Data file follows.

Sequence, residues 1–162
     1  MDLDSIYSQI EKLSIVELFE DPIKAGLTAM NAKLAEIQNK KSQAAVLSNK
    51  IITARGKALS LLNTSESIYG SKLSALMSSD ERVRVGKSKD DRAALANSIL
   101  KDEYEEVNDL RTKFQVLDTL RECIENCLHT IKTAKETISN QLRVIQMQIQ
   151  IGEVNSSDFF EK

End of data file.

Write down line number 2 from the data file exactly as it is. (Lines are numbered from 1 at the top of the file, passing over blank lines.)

     1  MDLDSIYSQI EKLSIVELFE DPIKAGLTAM NAKLAEIQNK KSQAAVLSNK